Mr. Rankin is a man of sterling character, conservative and broad minded. His work in the legislature is eminently satisfactory both to his colleagues and his constituents. He was married August 20, 1874, to Miss May Creamer. He is a member of Jeffersonville Lodge, No. 454, I. 0. 0. F., and of the Methodist Protestant Church.


Hon. J. O. Clark.

AMONG the substantial, reliable men of the Seventy-third General Assembly is J. O. Clark, of Meigs county. He was born near Winchester, Frederick county, Virginia, but in 1858 came to Ohio to begin life for himself. He studied at the Ohio University in Athens, and received his professional training at the Miami Medical College of Cincinnati, in the meantime supporting himself by teaching school. He has practiced medicine for thirty years in the place where he now resides, and for twenty-one years was a member of the Board of Education. In addition to practicing medicine, he has been widely interested in raising cattle, sheep and other stock.

Dr. Clark does not believe in lawing. In all his life he has never sued or been sued. This fact speaks volumes for his standing as a man of justice and honor. Besides he has never been sick a day in his life. Among other good qualities he is a sterling Republican, and as such was elected to represent Meigs county in the Seventy-third General Assembly. His committee assignments are Blind Asylum, Claims, and Public Buildings and Public Lands, being chairman of the latter. He is an earnest worker, an able legislator, and has the deepest respect and esteem of all his colleagues. He is married and resides at Downington.


Hon. Benjamin F. Swingle.

BENJAMIN F. SWINGLE was born in Muskingum county Ohio, on the farm where he now resides. He fitted himself for a teacher and taught his first term at the age of seventeen. He continued his profession for about fifteen years. He took a course in medicine, but did not enter active practice. Later he purchased the farm on which he now resides, and engaged in agricultural pursuits. He was State Lecturer of the Ohio State Grange two years, visiting most of the counties of Ohio. Mr. Swingle was nominated for Congress in 1890, but declined owing to lecture work in which he was then engaged. He was elected to the Seventy-second General Assembly as a Republican, and reelected to the Seventy-third ; is chairman of the Committee on Boys' Industrial Farm, a member of Committee on Fees and Salaries, and Soldiers' and Sailors' Orphans' Home. Mr. Swingle has traveled extensively, and has studied criminology for several years.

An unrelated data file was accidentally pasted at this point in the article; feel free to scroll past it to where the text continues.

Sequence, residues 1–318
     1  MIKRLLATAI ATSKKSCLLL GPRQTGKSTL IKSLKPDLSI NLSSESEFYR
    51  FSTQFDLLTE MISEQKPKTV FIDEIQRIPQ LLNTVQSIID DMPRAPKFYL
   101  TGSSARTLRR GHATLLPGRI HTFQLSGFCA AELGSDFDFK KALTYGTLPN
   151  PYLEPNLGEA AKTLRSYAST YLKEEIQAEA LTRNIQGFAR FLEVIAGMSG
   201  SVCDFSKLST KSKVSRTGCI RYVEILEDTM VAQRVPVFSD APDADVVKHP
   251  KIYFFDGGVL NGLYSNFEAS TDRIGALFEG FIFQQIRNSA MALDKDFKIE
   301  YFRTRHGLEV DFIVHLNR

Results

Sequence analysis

He is the author of the law now on our statutes providing penalties for harboring, detaining or employing children between the ages of four and sixteen years about houses of a disreputable character. His wife is a daughter of the late Adam Baughman, of Muskingum county, Ohio. Her only brother was killed in the charge on " Fort Wagner " in 1863, during the Civil War.


Hon. Charles F. Droste.

AMONG the most serviceable members of the lower house of the Seventy-third General Assembly are the ten members from Hamilton county, and among these, Charles F. Droste takes high rank. Mr. Droste is a native of Cincinnati, having been born there November 5, 1851, and has spent his whole life in that city. After a common school education in the Cincinnati public schools, he engaged in the milling and grain business, which he carried on with success from 1872 to 1892. But he at length determined to take up the profession of law, and in 1894 he graduated from the Cincinnati Law School and was admitted to the bar. Since that time he has been in active practice in Cincinnati.

Mr. Droste is a Republican, but never held office until the reform agitation in Cincinnati induced him to be a candidate on the fusion ticket for Representative in the Seventy-third General Assembly. The fight was a bitter one, but the reform ticket was elected. In the legislature Mr. Droste was made a member of the Committees on Public Printing, Privileges, and Institution for Feeble-Minded Youth, where his exceptional talents as a business man and an attorney find scope for active use.


Hon. John H. Heyde.

OCTOBER 15, 1854, John H. Heyde was born in Ashland county. At six years of age he removed to Holmes county where he has since resided. His education was received principally in the common schools. From 1874 onward for twenty years, Mr. Heyde engaged in teaching, and at intervals between schools, in farming. He has held a number of minor positions of trust, Clerk of the township for three terms, Justice of the Peace two terms, and a member of the Board of Education for twelve years. In politics he is a steadfast and conservative Democrat, and as such was elected to the 72nd General Assembly in 1895. He was again a candidate two years later, and was again elected. In the Assembly Mr. Heyde is one of the foremost workers and a leader on the Democratic side. He is a close and able reasoner, and a hard committee worker. Mr. Heyde was married in 1877 to Miss Rachael A. Parsons, of Nashville, Ohio, and his family consists of five sons and one daughter.